Rabbit Food: Clean, fresh hay is the go-to food for rabbits. Grass hay makes up about the majority of a healthy, adult rabbit’s diet. Rabbit-specific pellets in limited quantity provide vitamins and minerals that balance out the diet. Limited rabbit-safe vegetables and fruits provide interest and variety as treats. Clean, fresh water must be available at all times. Dietary needs vary for young, pregnant, nursing, or sick rabbits, so consult your rabbit-savvy veterinarian for advice of feeding such rabbits.
Rabbit Shelter: Your rabbit needs a place of his or her own inside your home. Figure out which option works best for your situation. Your Flemish Giant needs to be able to move freely, lie down, and easily reach what he or she needs. Outfit the home with food and water dishes/bottles, a hideaway, toys, bedding, and a litter box. You also need litter boxes for playtime in an exercise pen or around your home. Keep your rabbit buddy’s home clean with daily spot-cleaning of the litter box and any messes, daily cleaning of food bowls/bottles, and weekly cleaning of the entire space. A dirty cage or habitat can make your bunny sick. Think carefully about where you place your bunny’s home. The temperature in the area is critical, because rabbits can’t endure temperatures much above 70 degrees Fahrenheit. The activity level around the cage, proximity to other pets, and even odors all need consideration when choosing a spot for your rabbit’s home. Avoid placing your pal in an area that might cause any stress.
Rabbit Grooming: Flemish Giant rabbits have a short, regular coat. For pet rabbits, care of this means brief sessions of weekly brushing, and maybe more during shedding season. Nails require trimming as needed. Long nails can cause injury to your rabbit or yourself. Check the rump area regularly to ensure that it remains clean. Rabbits groom themselves, so baths are usually not needed, except if a bunny gets into something filthy. Spot-cleaning with a damp cloth usually works. If a bath is really needed, use warm water and only a couple inches or so of water. Dry thoroughly. Never submerge a rabbit in water.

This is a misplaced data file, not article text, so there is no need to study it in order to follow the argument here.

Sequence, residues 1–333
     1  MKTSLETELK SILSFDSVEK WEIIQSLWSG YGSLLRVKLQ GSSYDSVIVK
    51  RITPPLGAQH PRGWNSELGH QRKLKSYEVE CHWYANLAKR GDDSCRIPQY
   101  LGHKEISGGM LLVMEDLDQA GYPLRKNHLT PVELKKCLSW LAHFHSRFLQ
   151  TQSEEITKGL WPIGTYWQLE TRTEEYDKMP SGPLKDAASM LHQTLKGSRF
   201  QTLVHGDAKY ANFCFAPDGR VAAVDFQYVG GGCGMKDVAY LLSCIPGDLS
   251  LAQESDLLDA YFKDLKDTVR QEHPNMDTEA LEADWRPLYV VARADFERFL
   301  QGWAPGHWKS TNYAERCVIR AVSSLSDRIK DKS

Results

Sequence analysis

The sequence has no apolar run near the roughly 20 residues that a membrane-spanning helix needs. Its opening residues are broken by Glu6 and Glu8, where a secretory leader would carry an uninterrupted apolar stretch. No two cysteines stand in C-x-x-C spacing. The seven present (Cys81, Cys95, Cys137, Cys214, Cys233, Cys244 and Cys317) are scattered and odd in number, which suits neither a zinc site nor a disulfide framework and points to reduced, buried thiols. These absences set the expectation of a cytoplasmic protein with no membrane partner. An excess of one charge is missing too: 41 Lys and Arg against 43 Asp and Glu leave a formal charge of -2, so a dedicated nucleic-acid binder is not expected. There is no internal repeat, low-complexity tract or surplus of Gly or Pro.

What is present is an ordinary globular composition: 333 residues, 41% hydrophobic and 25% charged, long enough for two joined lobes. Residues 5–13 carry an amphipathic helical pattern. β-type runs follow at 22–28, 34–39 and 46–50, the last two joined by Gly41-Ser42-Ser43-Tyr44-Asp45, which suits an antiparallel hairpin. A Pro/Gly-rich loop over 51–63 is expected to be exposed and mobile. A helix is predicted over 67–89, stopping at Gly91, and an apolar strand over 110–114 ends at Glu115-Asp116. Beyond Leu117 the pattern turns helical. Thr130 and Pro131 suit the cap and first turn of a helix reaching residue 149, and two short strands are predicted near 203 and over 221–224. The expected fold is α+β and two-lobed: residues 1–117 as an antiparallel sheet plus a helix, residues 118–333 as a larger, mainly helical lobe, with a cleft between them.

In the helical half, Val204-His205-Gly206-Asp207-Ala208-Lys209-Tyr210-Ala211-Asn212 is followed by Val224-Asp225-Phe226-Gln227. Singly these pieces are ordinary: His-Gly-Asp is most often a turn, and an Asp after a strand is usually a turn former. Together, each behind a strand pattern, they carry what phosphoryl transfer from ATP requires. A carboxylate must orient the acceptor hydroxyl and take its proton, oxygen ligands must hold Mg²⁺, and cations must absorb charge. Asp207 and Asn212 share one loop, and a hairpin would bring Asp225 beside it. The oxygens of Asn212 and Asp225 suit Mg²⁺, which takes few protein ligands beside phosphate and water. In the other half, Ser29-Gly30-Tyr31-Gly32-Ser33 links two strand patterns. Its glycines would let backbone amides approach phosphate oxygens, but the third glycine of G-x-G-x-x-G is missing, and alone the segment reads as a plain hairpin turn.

Rabbit Companionship: Rabbits are social animals. Sharing your home with a pair or trio doesn’t mean they won’t want to interact with you. Pet bunnies enjoy interacting with each other and you. Some bunnies might not get along, so be careful with introductions when adding a new bunny to a home with established bunnies. If mixing males and females, spaying prevents unwanted pregnancies. FYI, spay/neuter also minimizes the risk of reproductive cancers in the future.
Flemish Giant rabbits can develop any of the health concerns common in other rabbit breeds. Some of these are GI stasis, malocclusion, respiratory disease, mites, and, in unspayed females, uterine cancer. The size of the Flemish Rabbit makes it more sensitive to heat than even other rabbits. Be sure the keep them in an environment that stays at or slightly below 70 degrees Fahrenheit and isn’t overly humid. Signs of heat exhaustion or heatstroke include rapid breathing, lethargy, ears going red, salivating, lying in a stretched position, and having a convulsion. Their size might also make them more prone to back injury if dropped or handled carelessly.
Maintaining health means eating and living healthy. Provide your Flemish Giant with proper food and plenty of fresh water. House him or her in a rabbit-proof room or large enclosure that allows easy movement and includes all the necessary accessories, such as toys, hideaways, litter boxes, food dishes, etc. Your Flemish Giant’s needs a clean, safe environment that’s not too noisy or hectic and lets him or her be part of your family. Daily exercise time and or playtime with you and on his or her own helps promote good mental health.
Contact your rabbit-savvy veterinarian immediately if your Flemish Giant suddenly behaves differently or shows any signs of illness. Not eating or eliminating as usual, changing activity level, having strange discharge from the body or lumps or bumps on the body might all be signs of a health problem. An annual veterinary checkup might help catch problems before they become serious.
On The Internet
Are there Flemish Giant rabbits on social media? Of course! Check out these: